One of the top 90s brands recovered from a horrible crash -- and sales are soaring

Tommy HilfigerTommy Hilfiger Facebook PageTommy Hilfiger at his Fall 2014 Runway Show.

Fresh off the heels of its 30-year anniversary, Tommy Hilfiger is one of the most influential brands in the retail industry.

But it hasn’t always been a smooth ride for the preppy fashion house.

Originally founded as an American, classical-cool label, the company was immediately successful upon its launch in 1985.

Retail sales grew to $US70 million in 1987, and the company went public in 1992.

Throughout the ’90s, the brand drew interest from celebrities and media.

Traditional pieces the designer unveiled in his first collection for the brand were replaced with louder, edgier styles and flashier ad campaigns.

The Tommy logo was featured prominently in the hip-hop scene, from Snoop Dogg wearing the logo on SNL to artists like TLC, Destiny’s Child, and NSYNC decked out in Hilfiger garb at award shows.

AP9609280657AP Photo/Lynne SladkyTommy Hilfiger walks down the runway with supermodel Naomi Campbell following his debut show at LFW in 1996.

Sales at the company boomed, but the pressure to expand began to take its toll. At one point, you could buy Tommy Hilfiger in Kmart stores.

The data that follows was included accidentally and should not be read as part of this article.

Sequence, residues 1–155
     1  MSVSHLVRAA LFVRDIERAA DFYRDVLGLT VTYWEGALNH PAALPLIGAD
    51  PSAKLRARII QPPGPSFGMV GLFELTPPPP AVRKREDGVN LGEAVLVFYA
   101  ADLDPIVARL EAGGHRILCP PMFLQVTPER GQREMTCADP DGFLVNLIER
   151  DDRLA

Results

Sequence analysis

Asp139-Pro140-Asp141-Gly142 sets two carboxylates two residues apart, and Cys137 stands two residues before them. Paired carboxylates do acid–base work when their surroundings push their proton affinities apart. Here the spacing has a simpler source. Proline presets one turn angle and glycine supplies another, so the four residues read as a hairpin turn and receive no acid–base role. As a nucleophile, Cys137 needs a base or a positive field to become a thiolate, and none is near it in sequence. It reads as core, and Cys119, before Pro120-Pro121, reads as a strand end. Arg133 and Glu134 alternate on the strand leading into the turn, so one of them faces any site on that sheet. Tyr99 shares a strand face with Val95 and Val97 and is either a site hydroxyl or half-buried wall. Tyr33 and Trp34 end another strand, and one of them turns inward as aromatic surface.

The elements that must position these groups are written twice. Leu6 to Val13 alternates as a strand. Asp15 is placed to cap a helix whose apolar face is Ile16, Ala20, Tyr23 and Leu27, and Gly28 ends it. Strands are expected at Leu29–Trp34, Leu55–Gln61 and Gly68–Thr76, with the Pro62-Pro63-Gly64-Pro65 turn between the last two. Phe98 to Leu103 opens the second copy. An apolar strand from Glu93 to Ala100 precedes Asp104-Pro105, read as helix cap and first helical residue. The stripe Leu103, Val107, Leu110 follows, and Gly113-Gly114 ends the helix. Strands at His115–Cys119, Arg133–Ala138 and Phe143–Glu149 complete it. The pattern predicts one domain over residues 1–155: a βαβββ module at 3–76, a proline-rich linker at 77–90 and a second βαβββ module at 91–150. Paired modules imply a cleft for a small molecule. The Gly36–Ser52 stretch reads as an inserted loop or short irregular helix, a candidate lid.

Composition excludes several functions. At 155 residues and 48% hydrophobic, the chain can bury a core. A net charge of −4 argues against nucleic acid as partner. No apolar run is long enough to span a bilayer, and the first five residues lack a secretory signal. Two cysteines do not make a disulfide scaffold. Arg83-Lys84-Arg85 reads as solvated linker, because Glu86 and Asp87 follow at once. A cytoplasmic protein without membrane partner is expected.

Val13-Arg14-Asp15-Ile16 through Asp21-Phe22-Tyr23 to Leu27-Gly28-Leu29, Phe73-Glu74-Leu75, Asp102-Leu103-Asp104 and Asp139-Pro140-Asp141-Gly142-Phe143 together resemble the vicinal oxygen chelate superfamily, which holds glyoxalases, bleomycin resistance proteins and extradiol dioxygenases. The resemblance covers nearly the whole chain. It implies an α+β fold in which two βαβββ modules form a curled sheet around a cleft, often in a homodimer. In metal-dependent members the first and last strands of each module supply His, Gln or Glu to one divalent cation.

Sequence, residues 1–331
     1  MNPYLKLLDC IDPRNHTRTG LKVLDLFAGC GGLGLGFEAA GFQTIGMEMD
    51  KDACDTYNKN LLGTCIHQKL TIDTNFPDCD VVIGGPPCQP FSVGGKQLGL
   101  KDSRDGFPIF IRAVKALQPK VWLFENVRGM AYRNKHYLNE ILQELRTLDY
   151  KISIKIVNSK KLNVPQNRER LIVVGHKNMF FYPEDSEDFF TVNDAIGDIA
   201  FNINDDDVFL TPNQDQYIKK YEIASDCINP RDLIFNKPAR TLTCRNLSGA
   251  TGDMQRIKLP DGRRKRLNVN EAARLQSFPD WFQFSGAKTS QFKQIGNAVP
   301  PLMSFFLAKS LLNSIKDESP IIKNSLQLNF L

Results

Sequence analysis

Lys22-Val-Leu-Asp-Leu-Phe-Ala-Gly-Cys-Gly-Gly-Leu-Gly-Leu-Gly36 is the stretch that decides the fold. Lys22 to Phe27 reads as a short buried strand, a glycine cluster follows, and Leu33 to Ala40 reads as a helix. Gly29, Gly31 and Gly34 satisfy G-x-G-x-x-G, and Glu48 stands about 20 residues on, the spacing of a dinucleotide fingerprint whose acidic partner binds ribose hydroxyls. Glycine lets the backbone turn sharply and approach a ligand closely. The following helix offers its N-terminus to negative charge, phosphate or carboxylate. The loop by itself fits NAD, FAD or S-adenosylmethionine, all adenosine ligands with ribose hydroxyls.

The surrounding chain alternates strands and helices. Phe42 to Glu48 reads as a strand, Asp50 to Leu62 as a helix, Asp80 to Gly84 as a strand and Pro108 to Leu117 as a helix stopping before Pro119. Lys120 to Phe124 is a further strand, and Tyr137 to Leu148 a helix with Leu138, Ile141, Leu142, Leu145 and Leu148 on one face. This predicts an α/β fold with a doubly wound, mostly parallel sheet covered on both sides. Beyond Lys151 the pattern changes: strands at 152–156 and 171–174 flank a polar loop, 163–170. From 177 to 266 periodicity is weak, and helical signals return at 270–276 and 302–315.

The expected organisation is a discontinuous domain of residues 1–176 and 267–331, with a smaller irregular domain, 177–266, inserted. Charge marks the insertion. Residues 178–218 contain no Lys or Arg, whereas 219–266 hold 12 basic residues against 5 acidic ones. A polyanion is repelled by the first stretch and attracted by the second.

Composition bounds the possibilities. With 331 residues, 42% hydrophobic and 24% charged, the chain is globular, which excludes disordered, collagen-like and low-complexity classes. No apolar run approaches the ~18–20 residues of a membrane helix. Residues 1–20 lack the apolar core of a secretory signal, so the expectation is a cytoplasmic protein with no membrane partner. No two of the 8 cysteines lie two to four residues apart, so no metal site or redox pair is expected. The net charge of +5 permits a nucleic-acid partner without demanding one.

“Look, it fuelled a lot of growth, but it took us away from our roots,” Hilfiger told Bloomberg.

The brand’s overexposure led to a levelling off of sales in ’99.

“His first runup happened too fast, and it became ubiquitous. He veered off his brand,” said Robin Lewis, CEO of The Robin Report and co-author of The New Rules of Retail.

After a decade of double digit growth, the brand had its first major loss in 2000.

Earnings plunged by as much as 75% in the worst quarter; the company’s stock fell from $US41 to $US6.30 a share.

The company was suffering so much financially that it decided to go private in 2006. It was acquired by Apax Partners for $US1.6 billion.

After staying with Apax for four years, Tommy Hilfiger was sold to Phillips-Van Heusen Corporation for $US3 billion in 2010.

Fred Gehring Tommy HilfigerCraig Barritt/Getty ImagesFred Gehring, former-CEO of Tommy Hilfiger, pictured with the designer

With the purchase, PVH Corp.was looking to capitalise on Hilfiger’s strong presence in Europe.

The company also wanted to take advantage of the tremendous opportunity for growth with its other brands.

“He repositioned himself back to his roots with the help of PVH,” said Lewis.

Since the acquisition, PVH has centered its focus mainly on its apparel companies.

The Tommy Hilfiger and Calvin Klein brands now account for 85% of PVH’s operating profit.

Their Heritage Brands include a variety of different labels like IZOD, ARROW, Speedo, and Van Heusen.

Business for Tommy Hilfiger recently has been strong. The company reported a fourth consecutive earnings beat in the most recent fiscal quarter. Revenues increased 3% and EPS grew 20%, according to an earnings call.

Lewis credits Tommy Hilfiger’s positive trajectory to the company’s focusing on its customers and merchandise. He feels Tommy has been so successful because of his ability to drive the brand experience for the consumer.

“Hilfiger puts the focus on building an experience through wholesale and in opening their stores,” Lewis said.

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